After winning the Super Bowl in 2015 and making the playoffs in each of the last five seasons, Denver failed to earn a playoff berth last season with a 9-7 record. In comparison to the previous year, their defense allowed one more point (297-296) while their offense scored 22 fewer points (333-355). Their defense finished fourth in the league in both points and yards allowed. Vance Joseph takes over as head coach. This is a step up in job after spending 2016 as the defensive coordinator for the Dolphins. He has 12 seasons of NFL coaching experience all on the defensive side of the ball. Joe Woods was promoted from defensive backs coach (13 years of experience in the NFL) to defensive coordinator. The struggles in 2016 came on the offensive side of the ball with inconsistent play from the quarterback position. Denver fell to 27th in offensive yards gained and 22nd in points scored. Mike McCoy takes over as the offensive coordinator after spending the last four years as the head coach for the Chargers where he went 27-37 with one playoff appearance. McCoy worked in the Broncos system as the offensive coordinator and quarterback coach four seasons before becoming a head coach in San Diego. He has 17 years of experience in the NFL.
The long career of DE DeMarcus Ware came to end after retiring in 2016. The Broncos lost DT Sylvester Williams after delivering a losing season as a rotational player. Their biggest loss to free agency was T Russell Okung who was a neutral player last year.
Denver took a swing on RB Jamaal Charles to add depth and experience to the running back position. G Ron Leary played well with the Cowboys in 2016 thanks to a great supporting cast around him. T Menelik Watson will compete for a backup role after playing poorly in a limited role last season.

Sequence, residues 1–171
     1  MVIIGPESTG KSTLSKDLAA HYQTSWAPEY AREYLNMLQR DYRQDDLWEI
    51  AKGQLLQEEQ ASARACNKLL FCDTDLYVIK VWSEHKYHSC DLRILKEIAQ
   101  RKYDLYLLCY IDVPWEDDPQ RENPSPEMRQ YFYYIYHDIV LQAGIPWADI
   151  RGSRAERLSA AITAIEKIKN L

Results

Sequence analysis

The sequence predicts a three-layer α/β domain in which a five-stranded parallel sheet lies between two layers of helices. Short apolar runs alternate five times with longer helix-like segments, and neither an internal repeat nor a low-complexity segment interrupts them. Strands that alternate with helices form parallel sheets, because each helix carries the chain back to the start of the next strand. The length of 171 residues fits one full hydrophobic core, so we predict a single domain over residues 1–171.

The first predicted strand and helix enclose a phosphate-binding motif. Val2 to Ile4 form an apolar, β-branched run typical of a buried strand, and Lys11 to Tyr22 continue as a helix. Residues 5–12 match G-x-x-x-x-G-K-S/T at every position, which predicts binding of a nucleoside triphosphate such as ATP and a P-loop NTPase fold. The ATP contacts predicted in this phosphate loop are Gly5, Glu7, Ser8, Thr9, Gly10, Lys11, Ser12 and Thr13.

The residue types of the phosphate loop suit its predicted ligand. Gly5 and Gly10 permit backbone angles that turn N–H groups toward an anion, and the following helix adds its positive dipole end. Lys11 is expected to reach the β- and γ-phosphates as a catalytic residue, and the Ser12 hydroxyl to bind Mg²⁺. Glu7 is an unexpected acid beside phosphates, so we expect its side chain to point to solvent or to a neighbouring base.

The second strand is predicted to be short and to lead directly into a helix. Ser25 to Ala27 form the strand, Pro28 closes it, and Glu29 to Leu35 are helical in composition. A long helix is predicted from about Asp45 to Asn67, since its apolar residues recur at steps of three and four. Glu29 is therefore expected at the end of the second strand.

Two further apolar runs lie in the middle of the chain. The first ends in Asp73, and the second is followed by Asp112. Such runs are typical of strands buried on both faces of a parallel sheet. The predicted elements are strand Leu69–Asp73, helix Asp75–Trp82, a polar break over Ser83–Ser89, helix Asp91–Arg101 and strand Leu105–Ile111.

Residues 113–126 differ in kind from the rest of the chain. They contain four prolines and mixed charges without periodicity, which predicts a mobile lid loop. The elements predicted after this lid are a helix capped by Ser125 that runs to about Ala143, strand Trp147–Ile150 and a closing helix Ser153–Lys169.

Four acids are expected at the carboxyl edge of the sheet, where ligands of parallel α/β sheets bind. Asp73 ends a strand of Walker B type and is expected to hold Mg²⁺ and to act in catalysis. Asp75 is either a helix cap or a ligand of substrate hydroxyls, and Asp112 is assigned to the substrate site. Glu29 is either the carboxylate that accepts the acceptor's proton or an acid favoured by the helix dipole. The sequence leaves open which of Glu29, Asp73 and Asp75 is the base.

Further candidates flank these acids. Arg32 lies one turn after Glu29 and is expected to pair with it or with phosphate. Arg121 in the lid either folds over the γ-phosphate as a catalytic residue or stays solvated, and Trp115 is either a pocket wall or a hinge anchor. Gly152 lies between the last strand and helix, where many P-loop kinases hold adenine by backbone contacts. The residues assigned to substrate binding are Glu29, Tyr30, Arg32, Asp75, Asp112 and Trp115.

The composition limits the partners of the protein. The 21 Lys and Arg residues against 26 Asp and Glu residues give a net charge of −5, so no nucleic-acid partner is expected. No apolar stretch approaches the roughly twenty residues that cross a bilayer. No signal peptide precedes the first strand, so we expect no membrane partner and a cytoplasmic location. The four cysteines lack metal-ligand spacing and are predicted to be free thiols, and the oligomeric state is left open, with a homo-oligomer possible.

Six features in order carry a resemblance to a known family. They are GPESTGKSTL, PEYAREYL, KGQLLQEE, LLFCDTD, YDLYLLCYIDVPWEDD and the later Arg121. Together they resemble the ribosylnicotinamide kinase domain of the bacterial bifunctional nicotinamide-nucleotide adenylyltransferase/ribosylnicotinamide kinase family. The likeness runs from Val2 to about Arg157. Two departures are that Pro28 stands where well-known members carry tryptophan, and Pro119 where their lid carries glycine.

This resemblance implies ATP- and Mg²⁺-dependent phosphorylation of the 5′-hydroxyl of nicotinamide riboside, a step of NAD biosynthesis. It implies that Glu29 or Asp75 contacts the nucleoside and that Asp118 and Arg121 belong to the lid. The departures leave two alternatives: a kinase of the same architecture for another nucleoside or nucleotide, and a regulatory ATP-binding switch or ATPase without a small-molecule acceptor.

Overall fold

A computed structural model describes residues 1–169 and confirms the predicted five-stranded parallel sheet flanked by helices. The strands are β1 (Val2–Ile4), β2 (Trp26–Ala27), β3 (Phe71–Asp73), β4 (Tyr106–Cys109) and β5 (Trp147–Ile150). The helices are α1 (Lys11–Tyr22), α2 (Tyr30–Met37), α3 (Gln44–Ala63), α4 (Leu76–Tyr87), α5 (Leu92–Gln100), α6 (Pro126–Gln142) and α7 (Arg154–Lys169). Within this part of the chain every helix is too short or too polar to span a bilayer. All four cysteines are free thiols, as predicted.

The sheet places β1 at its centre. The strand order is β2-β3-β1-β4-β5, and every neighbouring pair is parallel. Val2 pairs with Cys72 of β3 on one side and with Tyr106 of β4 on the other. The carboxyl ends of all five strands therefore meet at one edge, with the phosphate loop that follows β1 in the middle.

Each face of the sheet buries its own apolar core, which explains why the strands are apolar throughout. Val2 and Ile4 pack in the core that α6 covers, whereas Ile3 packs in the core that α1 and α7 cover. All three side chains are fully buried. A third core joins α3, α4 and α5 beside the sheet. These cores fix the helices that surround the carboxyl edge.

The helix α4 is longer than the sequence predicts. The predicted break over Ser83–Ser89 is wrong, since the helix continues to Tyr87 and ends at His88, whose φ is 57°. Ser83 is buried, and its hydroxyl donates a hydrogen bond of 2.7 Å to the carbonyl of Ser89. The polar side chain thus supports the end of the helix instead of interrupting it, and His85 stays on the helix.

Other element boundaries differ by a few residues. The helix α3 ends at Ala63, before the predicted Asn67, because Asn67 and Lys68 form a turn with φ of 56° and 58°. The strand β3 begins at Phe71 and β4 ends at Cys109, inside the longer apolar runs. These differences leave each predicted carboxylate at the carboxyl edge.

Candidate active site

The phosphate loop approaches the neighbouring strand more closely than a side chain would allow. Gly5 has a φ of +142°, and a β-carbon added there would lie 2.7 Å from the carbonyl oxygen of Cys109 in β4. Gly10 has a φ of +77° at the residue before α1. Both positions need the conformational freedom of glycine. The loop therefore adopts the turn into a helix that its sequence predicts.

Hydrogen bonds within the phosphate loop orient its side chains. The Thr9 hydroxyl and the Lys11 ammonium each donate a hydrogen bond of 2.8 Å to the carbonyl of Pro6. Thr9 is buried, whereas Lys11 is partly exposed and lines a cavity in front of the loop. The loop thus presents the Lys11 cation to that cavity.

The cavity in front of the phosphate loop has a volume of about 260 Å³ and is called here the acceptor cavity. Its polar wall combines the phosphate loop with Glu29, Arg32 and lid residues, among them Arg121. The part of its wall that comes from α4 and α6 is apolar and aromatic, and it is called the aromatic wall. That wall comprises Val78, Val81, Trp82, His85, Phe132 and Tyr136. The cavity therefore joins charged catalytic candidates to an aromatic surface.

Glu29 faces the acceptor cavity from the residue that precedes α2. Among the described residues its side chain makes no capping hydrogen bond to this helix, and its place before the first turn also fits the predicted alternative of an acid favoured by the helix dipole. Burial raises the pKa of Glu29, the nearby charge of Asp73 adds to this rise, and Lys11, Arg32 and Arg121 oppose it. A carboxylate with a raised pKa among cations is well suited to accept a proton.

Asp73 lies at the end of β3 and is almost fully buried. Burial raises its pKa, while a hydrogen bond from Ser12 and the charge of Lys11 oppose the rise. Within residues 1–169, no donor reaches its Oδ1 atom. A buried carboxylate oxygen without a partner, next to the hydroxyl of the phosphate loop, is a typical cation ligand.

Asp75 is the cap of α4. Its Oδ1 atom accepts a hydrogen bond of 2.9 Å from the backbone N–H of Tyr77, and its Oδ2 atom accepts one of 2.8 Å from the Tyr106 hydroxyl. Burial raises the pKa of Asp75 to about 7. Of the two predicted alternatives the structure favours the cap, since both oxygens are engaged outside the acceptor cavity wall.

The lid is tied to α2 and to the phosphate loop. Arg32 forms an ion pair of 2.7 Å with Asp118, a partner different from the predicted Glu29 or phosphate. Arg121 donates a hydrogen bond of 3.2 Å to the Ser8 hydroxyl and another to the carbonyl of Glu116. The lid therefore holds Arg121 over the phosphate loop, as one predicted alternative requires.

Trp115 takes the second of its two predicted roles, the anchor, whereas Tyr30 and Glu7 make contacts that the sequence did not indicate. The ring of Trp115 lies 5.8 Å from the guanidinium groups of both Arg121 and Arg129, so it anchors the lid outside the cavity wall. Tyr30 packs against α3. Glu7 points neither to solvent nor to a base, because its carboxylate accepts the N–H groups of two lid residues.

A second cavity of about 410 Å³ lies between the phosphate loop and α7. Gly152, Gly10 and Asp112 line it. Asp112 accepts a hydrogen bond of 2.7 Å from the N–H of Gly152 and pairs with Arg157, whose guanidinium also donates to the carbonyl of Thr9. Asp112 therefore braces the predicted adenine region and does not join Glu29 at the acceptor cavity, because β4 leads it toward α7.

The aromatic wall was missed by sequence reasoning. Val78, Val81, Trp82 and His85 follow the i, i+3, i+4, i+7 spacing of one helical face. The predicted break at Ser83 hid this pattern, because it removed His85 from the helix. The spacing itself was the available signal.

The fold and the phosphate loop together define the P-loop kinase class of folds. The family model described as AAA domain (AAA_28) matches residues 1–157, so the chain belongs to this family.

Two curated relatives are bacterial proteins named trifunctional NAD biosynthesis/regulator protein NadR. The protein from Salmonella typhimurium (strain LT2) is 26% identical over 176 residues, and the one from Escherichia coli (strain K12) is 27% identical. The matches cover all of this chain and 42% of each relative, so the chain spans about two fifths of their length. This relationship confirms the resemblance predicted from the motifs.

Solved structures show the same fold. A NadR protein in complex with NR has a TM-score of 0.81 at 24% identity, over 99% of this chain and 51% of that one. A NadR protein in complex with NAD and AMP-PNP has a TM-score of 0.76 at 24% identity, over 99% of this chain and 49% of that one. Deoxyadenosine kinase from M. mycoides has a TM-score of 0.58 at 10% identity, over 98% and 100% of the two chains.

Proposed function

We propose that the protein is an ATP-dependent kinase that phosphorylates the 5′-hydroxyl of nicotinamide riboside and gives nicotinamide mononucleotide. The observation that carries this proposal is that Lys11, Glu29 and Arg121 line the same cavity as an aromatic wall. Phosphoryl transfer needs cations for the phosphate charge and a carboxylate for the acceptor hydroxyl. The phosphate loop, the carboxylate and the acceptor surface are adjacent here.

All three defensive players added (DT Domata Peko, DT Zack Kerr, and DE Kasim Edebali) struggled in part time role in 2016.
In the first round, the Broncos tried to improve their offensive line with T Garett Bolles. Talented player with plus speed and quickness for his position. He has has solid vision while playing with an edge, but he needs to add bulk and power to his game. His style works for a quick hitting rushing offense.
DE DeMarcus Walker was selected in the second round. He projects as a rotational pass rusher with upside moves when attacking the QB. Walker has limited range in run support and needs to improve his effort on more plays.
With three of their next four picks, Denver added a pair of wide receivers (Carlos Henderson and Isaiah McKenzie) and a tight end (Jake Butt). Henderson played at a small school where he didn’t need to execute in his route running to have success. His technique needs improvement and must show he can beat physical defenders at the point of attack. Henderson has the speed to make a play deep with enough gears to create separation with better movements in his routes. Butt projects to have plus hands with limited upside creating free space off the line or downfield. He’ll chip in with his blocking while finding the open space in zones. McKenzie is an undersized (5’7” and 173 Lbs.) speed player with questionable hands and route running. He may surprise as a returner if he adds more strength.
With their second pick in the third round, the Broncos drafted CB Brendan Langley. Intriguing corner with some physical tools and upside in speed. He’s a converted wide receiver who needs plenty of schooling in the art of being a pro corner. Langley has play making ability with tons of work needed in his technique.
In the sixth round, Denver invested in RB De’Angelo Henderson. Small, one cut runner with questionable value running between the tackles. His protection skills have risk while his game projects well in the passing game. Henderson needs to develop better patience in play development with better vision.
QB Chad Kelly was another swing to improve the future in the passing game in the seventh round. Kelly has deep play making skills while being at his best when making quick decisive throws. His vision and throws under duress aren’t where they need to be to have success at the next level. He can make plays on the run, but he shows risk when under fire in the pocket.
Denver fell to 27th in rushing yards (1,484) while gaining only 3.6 yards per rush with 11 rushing TDs. They only had four rushes over 20 yards. The Broncos had the same number of runs over 10 yards as they had negative runs.